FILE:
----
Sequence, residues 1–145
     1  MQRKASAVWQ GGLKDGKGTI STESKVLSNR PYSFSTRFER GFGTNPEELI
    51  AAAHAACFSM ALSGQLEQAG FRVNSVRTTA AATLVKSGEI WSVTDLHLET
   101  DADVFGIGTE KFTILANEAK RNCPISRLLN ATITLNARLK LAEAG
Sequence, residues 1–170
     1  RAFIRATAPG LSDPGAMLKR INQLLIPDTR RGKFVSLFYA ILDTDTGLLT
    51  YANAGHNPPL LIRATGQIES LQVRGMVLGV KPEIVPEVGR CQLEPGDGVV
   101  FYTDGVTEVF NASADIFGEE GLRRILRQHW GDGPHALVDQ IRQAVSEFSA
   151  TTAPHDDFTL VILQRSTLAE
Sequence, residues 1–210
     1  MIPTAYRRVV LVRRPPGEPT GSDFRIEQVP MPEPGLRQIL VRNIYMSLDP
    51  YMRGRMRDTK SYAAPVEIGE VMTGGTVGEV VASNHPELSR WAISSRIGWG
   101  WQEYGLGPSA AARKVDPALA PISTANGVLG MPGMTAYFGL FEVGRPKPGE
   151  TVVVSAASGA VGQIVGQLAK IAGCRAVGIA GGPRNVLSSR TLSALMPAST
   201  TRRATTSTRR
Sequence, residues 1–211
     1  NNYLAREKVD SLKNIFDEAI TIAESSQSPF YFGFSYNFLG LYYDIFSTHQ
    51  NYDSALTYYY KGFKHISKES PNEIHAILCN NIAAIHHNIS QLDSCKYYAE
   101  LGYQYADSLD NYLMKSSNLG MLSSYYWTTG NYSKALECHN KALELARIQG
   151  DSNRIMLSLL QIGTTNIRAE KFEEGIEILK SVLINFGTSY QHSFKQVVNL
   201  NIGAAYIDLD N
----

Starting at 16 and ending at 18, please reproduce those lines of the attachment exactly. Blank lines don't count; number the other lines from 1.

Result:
Sequence, residues 1–211
     1  NNYLAREKVD SLKNIFDEAI TIAESSQSPF YFGFSYNFLG LYYDIFSTHQ
    51  NYDSALTYYY KGFKHISKES PNEIHAILCN NIAAIHHNIS QLDSCKYYAE